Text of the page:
If so, you must join Monday's Gab with the Gurus Show.
My guest is Jeb Berrier, star of a new documentary, "Bag It: Is Your Life Too Plastic."
In the film, Jeb examines our cultural love affair with plastics.
"Bag It" -- from filmmaker Susan Beraza -- is one of six provocative, character-driven films that focus on food and environmental issues that is being presented by Whole Foods Market, the leading retailer of natural and organic foods, as part of its nationwide “Whole Foods Market Do Something Reel” Film Festival (http://www.dosomethingreel.com) for Earth Month this month.
Jeb’s journey starts with questions like:
Are plastic bags really necessary? What are plastic bags made from? What happens to them after they're discarded? What he learns quickly grows far beyond plastic bags.
Watch a trailer below.
In Bag It, you'll be shocked at what Jeb discovered:
- The average American uses about 500 plastic bags each year, for an average of 12 minutes before they are discarded.
- About 2 million plastic bottles are consumed in the U.S. every five minutes, less then 25% are recycled.
- The average American contributes 800 pounds of packaging waste to landfills per year.
- 14 million pounds of trash end up in the ocean each year.
- Plastic debris resembles plankton—fish food—and there is 40 times more plastic than Plankton in some parts of the ocean.
- About 100,000 marine mammals and sea birds die each year from becoming entangled in or ingesting plastic debris.
This Whole Foods Market Do Something Reel Film Festival is being held this April in honor of Earth Month, in an effort to serve as a "reminder of small changes people can make for good while supporting budding green-genre filmmakers."
"Through our Whole Foods Market Do Something Reel Film Festival we want to raise awareness of environmental and food issues, and support filmmakers who are creating films that inspire people to question the impact our choices have on our health, body and environment," Walter Robb, co-CEO of Whole Foods Market, said in a press release.
"We see film as an inspirational medium that can spark an active dialogue and encourage people to take action locally."
These are the other films featured this month:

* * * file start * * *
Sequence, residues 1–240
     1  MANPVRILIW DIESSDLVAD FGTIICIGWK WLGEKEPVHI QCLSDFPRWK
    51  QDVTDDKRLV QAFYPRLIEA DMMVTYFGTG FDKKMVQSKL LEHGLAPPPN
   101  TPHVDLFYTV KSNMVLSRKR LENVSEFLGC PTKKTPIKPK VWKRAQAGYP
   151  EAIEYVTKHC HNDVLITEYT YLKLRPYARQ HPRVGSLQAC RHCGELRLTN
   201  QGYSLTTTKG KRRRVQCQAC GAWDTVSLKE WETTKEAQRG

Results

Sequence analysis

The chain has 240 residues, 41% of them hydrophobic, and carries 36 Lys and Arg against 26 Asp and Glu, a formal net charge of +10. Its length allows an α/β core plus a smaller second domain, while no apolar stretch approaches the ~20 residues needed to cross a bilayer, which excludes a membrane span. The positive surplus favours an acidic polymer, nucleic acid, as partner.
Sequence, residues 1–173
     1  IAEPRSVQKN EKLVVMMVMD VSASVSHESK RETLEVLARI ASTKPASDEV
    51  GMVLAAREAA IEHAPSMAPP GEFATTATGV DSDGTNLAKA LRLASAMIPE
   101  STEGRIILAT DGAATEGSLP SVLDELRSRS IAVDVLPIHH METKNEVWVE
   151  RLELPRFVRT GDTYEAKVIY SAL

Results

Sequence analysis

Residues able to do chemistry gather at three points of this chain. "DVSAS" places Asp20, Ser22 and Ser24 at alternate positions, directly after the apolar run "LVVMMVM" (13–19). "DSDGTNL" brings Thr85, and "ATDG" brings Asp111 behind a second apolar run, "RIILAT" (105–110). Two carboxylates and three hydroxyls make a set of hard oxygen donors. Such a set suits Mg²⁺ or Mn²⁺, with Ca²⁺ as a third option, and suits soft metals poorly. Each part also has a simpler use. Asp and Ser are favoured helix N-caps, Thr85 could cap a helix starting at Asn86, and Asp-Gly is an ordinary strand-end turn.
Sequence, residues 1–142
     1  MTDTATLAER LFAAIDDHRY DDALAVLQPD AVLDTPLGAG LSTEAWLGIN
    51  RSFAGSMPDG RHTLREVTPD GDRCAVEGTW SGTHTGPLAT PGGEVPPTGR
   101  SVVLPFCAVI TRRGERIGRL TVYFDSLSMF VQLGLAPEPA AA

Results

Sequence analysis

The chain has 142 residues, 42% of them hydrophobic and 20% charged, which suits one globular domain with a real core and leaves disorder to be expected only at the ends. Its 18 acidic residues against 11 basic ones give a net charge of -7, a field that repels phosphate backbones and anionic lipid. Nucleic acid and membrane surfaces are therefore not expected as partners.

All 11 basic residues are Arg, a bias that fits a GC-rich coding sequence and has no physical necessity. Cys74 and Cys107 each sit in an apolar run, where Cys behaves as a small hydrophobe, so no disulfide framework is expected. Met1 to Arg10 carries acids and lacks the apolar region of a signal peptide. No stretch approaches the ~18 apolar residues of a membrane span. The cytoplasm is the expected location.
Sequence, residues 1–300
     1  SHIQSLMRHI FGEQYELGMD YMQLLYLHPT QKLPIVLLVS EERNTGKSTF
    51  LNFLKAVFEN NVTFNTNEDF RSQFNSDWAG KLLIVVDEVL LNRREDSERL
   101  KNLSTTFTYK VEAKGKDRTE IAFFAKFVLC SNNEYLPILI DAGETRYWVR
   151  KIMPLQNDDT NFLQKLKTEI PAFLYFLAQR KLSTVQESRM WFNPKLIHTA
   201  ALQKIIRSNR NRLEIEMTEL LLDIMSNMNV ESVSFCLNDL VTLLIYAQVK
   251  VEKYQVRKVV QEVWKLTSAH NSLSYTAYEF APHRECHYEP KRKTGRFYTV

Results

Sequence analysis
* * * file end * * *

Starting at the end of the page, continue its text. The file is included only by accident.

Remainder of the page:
"Lunch Line" — This deeply affecting film from filmmakers Mike Graziano and Ernie Park follows six kids from one of the toughest neighborhoods in Chicago as they set out to fix school lunch � and wind up at the White House. Their unlikely journey parallels the dramatic transformation of school lunch from a patchwork of local anti-hunger efforts to a robust national feeding program. www.lunchlinefilm.com
"On Coal River" — A compelling and transcendent narrative on the human costs of coal and strip-mining, this provocative film from filmmakers Francine Cavanaugh and Adams Woods follows the journey of a former coal miner and his neighbors, residents of Coal River Valley in West Virginia, as they transform from so-called victims to fearless and informed experts on mountaintop removal. www.oncoalriver.com
"PLANEAT" — This visually stunning film from filmmakers Shelley Lee Davis and Or Shlomi tells the story of the scientists, farmers and chefs tackling one of the greatest problems of our age: Western culture's love affair with meat and dairy. Through an extraordinary personal and mouthwatering culinary journey we discover the wide range of medical and environmental benefits of eating our veggies. www.planeat.tv
"Urban Roots" — Filmmaker Mark MacInnis tells the powerful story of a group of dedicated Detroiters working tirelessly to fulfill their vision for locally grown, sustainably farmed food in a city cut off from real food and limited to processed fast food. This group has taken on the enormous task of changing this reality. www.urbanrootsamerica.com
"Vanishing of the Bees" — Narrated by Oscar-nominated actress Ellen Page, this cautionary tale from filmmakers George Langworthy and Maryam Heinen reveals the mystery of the disappearing bees, and the links to industrial farming and our attitude toward the natural world. Starring in this real-life drama is a commercial bee farmer who sounded the alarm when his bee colonies collapsed and his business was decimated. www.vanishingbees.com
As part of the Festival, Whole Foods Market will also stream the documentary, "Dig It" on www.dosomethingreel.com on Earth Day, April 22. This energetic, call-to-action film features the members of the band Pearl Jam as they participate in tree-planting actions and beautification efforts in New York City, Los Angeles and San Francisco.
Kudos to Whole Foods for presenting such a wonderful festival!